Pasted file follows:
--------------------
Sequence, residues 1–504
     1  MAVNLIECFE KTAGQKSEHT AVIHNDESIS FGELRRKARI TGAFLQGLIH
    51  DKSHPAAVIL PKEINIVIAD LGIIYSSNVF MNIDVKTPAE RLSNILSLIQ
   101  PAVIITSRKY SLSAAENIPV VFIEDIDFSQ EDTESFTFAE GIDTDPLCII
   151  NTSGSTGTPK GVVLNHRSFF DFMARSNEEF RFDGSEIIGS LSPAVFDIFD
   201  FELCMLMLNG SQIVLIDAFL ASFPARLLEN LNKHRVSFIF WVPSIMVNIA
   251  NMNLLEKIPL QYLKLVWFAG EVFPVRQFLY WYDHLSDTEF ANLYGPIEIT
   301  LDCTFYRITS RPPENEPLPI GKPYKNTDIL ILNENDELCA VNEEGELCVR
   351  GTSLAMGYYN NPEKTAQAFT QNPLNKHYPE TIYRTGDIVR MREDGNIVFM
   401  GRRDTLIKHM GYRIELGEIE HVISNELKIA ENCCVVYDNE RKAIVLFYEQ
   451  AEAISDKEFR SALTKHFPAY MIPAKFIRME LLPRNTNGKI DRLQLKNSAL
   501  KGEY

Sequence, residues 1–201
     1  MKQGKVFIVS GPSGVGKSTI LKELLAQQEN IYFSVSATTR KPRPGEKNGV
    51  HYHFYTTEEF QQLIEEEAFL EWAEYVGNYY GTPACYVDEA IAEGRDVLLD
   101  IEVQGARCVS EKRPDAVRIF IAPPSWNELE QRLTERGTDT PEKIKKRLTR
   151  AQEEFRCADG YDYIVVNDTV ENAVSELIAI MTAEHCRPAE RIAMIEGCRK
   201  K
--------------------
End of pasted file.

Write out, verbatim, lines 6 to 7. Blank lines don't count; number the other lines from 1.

   201  FELCMLMLNG SQIVLIDAFL ASFPARLLEN LNKHRVSFIF WVPSIMVNIA
   251  NMNLLEKIPL QYLKLVWFAG EVFPVRQFLY WYDHLSDTEF ANLYGPIEIT